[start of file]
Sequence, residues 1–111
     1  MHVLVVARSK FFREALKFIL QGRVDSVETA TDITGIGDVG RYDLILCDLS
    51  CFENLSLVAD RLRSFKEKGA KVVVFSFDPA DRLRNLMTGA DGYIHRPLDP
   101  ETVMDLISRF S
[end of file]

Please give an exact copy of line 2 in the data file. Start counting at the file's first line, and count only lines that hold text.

     1  MHVLVVARSK FFREALKFIL QGRVDSVETA TDITGIGDVG RYDLILCDLS